Yo, the one-word messaging app with an emphasis on simplicity, just got a lot more complicated.
Yo’s newest update introduces the ability to see the user profiles, send and receive link attachments, start your own Yo hashtag, and browse something called the Yo Index.
It’s the first major overhaul of the app, but fans of Yo’s overly colorful design will be pleased to see that the app looks largely the same.
The app’s functionality, however, has morphed from a stripped-down two-way communication tool into a notification app for websites and services.
You can still send and receive Yo’s like you could before, but the app’s overall stark simplicity has been exchanged for a host of services that distract from the original intention of the app.
Some of the new features make sense, others represent an indulgence in social features that make little sense outside of pitching Yo’s services to companies and brands.
The new user profiles let you swipe a username to peek at the user’s real name and photo (if you choose to display that info). It’s a tiny addition that helps make sense of your friends list.
For those interested in using Yo for website notifications in addition to person-to-person messaging, the Yo Index is a tidy list to help you stay on top of the various notification services you can set up. There’s “YoMyPackage” for receiving a Yo when your Fedex package arrives, “Craigslist” for notifications on new listings, and even “Tweetstorm,” which offers to Yo you when “venture capitalist Marc Andreeson begins a tweet storm on Twitter.”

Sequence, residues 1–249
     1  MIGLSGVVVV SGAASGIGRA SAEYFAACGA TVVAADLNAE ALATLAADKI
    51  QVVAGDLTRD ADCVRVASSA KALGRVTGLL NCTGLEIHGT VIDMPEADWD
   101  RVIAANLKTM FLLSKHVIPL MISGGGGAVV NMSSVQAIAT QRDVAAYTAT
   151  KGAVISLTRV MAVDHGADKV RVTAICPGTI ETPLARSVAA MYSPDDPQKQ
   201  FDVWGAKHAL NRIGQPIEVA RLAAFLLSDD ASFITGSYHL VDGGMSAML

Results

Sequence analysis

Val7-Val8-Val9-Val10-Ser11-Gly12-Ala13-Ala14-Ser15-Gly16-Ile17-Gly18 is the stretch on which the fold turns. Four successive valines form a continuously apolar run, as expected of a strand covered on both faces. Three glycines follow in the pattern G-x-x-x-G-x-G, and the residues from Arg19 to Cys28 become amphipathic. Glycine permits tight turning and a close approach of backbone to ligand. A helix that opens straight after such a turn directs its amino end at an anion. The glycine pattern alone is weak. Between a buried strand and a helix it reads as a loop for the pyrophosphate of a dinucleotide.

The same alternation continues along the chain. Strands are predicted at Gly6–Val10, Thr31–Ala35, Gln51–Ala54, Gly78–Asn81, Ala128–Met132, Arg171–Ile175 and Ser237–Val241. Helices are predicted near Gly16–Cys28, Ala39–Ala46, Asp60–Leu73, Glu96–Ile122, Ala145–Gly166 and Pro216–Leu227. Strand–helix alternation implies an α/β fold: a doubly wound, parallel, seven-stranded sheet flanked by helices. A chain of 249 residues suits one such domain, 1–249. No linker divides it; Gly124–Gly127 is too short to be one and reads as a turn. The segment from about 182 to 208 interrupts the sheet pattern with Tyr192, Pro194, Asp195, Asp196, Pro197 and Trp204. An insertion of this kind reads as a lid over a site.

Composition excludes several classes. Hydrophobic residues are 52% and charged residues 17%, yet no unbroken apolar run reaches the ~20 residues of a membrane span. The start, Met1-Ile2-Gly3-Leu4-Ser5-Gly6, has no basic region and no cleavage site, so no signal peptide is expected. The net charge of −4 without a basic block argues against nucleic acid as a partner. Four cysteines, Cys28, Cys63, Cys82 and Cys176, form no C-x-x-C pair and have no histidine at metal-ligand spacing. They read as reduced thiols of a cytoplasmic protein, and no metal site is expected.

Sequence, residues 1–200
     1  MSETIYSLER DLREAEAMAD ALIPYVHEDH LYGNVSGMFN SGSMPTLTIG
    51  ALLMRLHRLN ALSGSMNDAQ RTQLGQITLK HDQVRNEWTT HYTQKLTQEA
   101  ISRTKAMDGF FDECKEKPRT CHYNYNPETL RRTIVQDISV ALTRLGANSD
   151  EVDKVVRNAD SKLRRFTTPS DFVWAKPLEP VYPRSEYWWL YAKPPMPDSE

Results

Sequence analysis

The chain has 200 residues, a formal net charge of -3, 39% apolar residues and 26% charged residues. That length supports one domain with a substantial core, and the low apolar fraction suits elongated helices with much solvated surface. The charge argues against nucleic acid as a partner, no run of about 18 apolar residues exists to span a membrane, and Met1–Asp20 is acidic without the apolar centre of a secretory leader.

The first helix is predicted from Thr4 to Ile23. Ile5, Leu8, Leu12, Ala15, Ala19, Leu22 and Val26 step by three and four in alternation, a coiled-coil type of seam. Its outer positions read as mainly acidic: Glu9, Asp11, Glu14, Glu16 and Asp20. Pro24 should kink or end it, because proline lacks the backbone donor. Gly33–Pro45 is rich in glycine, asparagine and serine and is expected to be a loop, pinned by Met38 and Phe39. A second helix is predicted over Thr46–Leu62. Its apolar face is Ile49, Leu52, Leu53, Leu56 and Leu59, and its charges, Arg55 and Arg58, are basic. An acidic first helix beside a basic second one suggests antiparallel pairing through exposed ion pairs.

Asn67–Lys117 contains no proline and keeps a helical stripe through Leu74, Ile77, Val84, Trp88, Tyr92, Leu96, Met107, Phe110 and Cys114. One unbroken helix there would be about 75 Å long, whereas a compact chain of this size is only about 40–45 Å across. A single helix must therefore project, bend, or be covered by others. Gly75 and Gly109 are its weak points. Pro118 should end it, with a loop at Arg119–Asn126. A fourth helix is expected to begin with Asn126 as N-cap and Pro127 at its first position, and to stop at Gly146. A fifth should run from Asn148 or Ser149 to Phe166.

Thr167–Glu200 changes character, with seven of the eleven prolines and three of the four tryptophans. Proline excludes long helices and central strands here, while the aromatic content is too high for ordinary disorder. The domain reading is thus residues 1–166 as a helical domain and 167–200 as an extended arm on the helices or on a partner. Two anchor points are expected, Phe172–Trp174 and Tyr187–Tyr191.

The introduction of hashtags, however, is our first indication that Yo’s creators want to turn Yo into a social experience that brands can take advantage of. Anyone can create a hashtag and Yo it to their friends, and you can check how many Yo’s your hashtag has received by swiping right.
There’s even a trending page. If you think about it, Yo hashtags are really just a way to quantify interest in a topic or brand. Thrilling.
The last addition to Yo enables you to send and receive URL links in your Yo notifications.
Say, for example, you want to share an interesting article you read. You can now copy the link, open up Yo, and then tap and hold a finger on a friend’s name to send it along. Your friend will receive a traditional Yo, but a tiny asterisk lets them know it contains a link. Opening the notification will then open the link.
Again, many of Yo’s new features aren’t necessarily bad, they just represent an evolution away from the simplicity of an app you didn’t even have to open to use. The core of Yo is still there, but its team likely realized that brands and companies want to turn notifications into advertisements instead of messages, and that’s an entirely new product altogether.
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